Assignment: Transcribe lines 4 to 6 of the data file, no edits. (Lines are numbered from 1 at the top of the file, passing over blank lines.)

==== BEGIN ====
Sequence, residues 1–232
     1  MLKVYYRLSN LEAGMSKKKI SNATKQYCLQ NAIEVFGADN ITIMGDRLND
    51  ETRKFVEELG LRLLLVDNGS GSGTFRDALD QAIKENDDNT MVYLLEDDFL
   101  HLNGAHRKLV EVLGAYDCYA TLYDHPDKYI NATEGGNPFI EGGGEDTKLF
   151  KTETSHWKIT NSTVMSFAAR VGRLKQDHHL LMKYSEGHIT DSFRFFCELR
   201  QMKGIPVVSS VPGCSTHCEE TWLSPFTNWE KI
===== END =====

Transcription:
   101  HLNGAHRKLV EVLGAYDCYA TLYDHPDKYI NATEGGNPFI EGGGEDTKLF
   151  KTETSHWKIT NSTVMSFAAR VGRLKQDHHL LMKYSEGHIT DSFRFFCELR
   201  QMKGIPVVSS VPGCSTHCEE TWLSPFTNWE KI